Don't get left in the dark. Eclipse Special: Save $20 on professional membership with code ECLPS17
HR professionals share their advice for minimizing worker stress and boosting retention.
Is your employee handbook ready for the changing world of work? With SHRM’s Employee Handbook Builder get peace of mind that your handbook is up-to-date.
Virtual SHRM-CP/SHRM-SCP Certification Prep Seminars kick off September 12 and fill up fast!
Expand your influence and learn how to become an effective leader. Join us in Phoenix, AZ | OCTOBER 2 - 4, 2017
Same-sex sexual harassment claims seem to be on the rise, according to Lema Khorshid of Fuksa Khorshid LLC in Chicago. Increasingly, more male employees are filing claims that they are being harassed by other men, she said.
It may be a different set of facts than your typical harassment case, but should be treated the same as a traditional harassment situation, Khorshid told SHRM Online. That said, handbooks and training may need some revising to reflect the reality of same-sex harassment, and investigators should be sensitive about possible bias against alleged same-sex harassers.
Like Khorshid, Linda Doyle, an attorney with McDermott, Will & Emery in Chicago, also has seen an increase in same-sex harassment claims.
However, Elise Bloom, an attorney at Proskauer in New York City, said she hasn’t seen a rise in the number of same-sex harassment claims. “I have seen a few, but not an overwhelming number,” she said. “Same-sex sexual harassment has been recognized since the U.S. Supreme Court’s decision in Oncale v. Sundowner Offshore Services Inc. [523 U.S. 75] in 1998.”
Bloom added, “All sexual harassment claims are sensitive.” She agreed with Khorshid that “a same-sex sexual harassment claim should be investigated like any other harassment claim,” including with the “same sensitivity and seriousness as any other harassment claim.”
Watch Out for Bias Against Alleged Harassers
Treating same-sex sexual harassment claims the same doesn’t mean there won’t be some differences between same-sex and traditional harassment claims.
“One potential additional element is stereotyping. Investigators should be trained to be sensitive to avoiding stereotyping either the alleged harasser or the alleged victim,” Bloom said.
Doyle cautioned that “There is unfortunately some bias against the LGBT [lesbian, gay, bisexual and transgender] community that may lead to spurious claims. Human resources’ role is to spot that bias and deal with it. Investigations should be done as confidentially as possible for this reason. In addition, those who raise claims in bad faith should be disciplined.”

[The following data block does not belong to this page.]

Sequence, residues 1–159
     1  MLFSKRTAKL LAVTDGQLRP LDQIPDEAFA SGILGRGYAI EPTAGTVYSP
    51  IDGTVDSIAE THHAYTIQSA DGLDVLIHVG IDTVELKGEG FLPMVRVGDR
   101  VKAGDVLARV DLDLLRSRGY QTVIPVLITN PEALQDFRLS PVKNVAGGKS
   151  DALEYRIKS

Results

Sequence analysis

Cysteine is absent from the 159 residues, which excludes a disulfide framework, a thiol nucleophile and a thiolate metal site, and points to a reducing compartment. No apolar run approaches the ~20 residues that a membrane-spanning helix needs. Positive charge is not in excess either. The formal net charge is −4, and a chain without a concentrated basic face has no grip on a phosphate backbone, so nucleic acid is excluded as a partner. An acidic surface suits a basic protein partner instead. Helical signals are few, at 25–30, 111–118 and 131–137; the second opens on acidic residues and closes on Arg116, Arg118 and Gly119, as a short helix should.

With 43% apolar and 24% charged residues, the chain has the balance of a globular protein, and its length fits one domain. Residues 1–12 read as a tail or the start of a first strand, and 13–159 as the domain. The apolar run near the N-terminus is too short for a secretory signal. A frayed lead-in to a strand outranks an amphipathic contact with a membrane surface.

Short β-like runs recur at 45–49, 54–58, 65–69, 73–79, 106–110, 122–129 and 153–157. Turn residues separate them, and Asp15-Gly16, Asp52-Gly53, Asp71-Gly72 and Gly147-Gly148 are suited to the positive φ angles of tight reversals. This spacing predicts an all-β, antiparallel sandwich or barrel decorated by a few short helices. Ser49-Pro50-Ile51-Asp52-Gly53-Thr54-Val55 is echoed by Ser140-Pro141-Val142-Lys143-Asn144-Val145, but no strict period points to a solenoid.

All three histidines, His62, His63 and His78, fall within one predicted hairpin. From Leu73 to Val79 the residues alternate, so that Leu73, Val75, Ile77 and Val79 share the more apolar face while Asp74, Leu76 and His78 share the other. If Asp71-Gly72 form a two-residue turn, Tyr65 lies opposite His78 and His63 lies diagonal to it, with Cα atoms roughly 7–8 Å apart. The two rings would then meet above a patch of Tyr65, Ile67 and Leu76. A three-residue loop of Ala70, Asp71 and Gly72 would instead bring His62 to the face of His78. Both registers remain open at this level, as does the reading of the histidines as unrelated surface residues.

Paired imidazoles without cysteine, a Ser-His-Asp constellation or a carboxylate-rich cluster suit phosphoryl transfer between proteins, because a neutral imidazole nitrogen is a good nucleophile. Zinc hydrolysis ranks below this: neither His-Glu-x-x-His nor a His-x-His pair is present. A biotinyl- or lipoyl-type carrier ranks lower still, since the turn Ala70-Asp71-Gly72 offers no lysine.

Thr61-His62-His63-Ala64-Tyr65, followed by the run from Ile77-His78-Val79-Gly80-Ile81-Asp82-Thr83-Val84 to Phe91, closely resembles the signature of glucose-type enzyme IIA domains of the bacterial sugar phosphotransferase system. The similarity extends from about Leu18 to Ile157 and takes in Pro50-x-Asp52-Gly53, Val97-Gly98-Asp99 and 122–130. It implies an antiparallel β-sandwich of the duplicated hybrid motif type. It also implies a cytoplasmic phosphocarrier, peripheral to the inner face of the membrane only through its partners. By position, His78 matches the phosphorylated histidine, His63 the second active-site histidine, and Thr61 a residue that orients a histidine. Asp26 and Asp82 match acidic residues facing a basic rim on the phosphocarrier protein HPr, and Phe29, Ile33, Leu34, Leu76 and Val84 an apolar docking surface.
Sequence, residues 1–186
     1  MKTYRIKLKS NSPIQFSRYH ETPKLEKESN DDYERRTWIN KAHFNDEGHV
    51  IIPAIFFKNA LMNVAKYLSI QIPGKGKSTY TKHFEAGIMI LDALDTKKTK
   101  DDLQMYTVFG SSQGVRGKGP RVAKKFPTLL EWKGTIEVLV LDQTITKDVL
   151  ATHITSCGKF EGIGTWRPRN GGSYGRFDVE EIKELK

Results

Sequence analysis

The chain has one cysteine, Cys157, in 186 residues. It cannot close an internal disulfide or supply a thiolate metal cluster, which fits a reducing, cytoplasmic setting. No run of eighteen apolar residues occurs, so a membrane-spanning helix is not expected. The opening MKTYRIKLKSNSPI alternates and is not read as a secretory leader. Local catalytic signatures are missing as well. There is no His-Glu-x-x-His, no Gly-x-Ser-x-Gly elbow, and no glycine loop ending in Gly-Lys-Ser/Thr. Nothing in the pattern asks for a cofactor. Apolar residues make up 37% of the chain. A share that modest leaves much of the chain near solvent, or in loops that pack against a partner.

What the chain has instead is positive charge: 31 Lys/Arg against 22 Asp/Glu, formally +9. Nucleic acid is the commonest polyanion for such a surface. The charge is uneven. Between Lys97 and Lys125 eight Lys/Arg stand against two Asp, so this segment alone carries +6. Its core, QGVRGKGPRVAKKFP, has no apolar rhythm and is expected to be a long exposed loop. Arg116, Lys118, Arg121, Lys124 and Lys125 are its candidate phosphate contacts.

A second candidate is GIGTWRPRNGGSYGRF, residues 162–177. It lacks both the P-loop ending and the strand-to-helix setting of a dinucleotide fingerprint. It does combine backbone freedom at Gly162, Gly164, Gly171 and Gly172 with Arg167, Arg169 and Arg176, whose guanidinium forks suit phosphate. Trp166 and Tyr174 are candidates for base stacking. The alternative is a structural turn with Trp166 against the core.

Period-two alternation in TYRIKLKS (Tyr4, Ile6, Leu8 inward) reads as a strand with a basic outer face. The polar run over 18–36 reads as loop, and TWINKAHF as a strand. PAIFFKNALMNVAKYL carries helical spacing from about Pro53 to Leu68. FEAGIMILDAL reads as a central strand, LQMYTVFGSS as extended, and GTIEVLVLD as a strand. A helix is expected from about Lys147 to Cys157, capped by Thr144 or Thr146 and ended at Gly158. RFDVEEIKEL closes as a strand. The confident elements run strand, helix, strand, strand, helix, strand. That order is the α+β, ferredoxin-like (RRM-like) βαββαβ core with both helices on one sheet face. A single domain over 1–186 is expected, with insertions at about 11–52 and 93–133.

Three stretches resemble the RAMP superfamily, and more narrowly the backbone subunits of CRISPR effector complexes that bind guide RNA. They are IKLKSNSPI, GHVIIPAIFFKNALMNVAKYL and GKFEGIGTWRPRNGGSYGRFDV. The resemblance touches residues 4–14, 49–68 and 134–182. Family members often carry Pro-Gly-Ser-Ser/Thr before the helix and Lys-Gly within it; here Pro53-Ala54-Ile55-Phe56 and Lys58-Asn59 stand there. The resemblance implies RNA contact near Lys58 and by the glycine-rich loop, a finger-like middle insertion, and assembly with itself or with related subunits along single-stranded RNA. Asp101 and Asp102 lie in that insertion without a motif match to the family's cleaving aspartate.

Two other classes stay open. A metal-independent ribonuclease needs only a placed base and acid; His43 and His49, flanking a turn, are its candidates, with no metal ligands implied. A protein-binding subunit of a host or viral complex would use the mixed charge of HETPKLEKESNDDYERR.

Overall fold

Revise Policies, Update Training
Bloom also recommended revising company policies to reflect that sexual harassment includes same-sex sexual harassment. “Second, make sure any sexual harassment training includes same-sex sexual harassment,” she said.
Same-sex harassment often “starts when an employer does not have a comprehensive sexual harassment policy that is not clearly communicated to its employees, or they have one and it does not address same-sex scenarios,” Khorshid remarked. “More times than not, the victim doesn’t know what to do as they are being harassed and the perpetrators don’t think they are doing anything wrong. So it boils down to creating a policy and communicating that policy effectively.”
Investigate and Act
In treating same-sex harassment claims the same as any other, Khorshid recommended, “You need to take the time to investigate thoroughly and keep the investigation confidential. Treat the complainer with compassion and respect, listen carefully to his/her side of the story. The last thing you want to do is escalate any unwanted emotions. Don’t attack the victim or retaliate against him/her for bringing the matter to your attention.”
Employers should “keep an open mind [and] conduct a thorough, prompt investigation,” Khorshid said. “Many of these claims may not fit into a typical fact pattern. You can’t make conclusions until you conduct a thorough investigation. Ask relevant factual questions that elicit information. Maintain confidentiality and provide both sides ample opportunity to tell their stories. Your job is to carefully consider the evidence presented by the parties and the witnesses.”
She added, “Follow an established procedure that you have set forth in your handbook, if available. Interview all of the people involved. Details are key—do everything you can to get all of them. Verify all of the details with evidence—if possible—and corroborate stories with other evidence and interviews. You must take immediate and corrective action against the wrongdoer if you find that discrimination occurred.”
Allen Smith, J.D., is the manager of workplace law content for SHRM. Follow him @SHRMlegaleditor.
You have successfully saved this page as a bookmark.
Please confirm that you want to proceed with deleting bookmark.
You have successfully removed bookmark.
Please log in as a SHRM member before saving bookmarks.
Your session has expired. Please log in again before saving bookmarks.
Please purchase a SHRM membership before saving bookmarks.
An error has occurred
Recommended for you
CA Resources at Your Fingertips
SHRM’s HR Vendor Directory contains over 3,200 companies
[/_catalogs/masterpage/SHRMCore/Main.master][Title][SHRM Online - Society for Human Resource Management]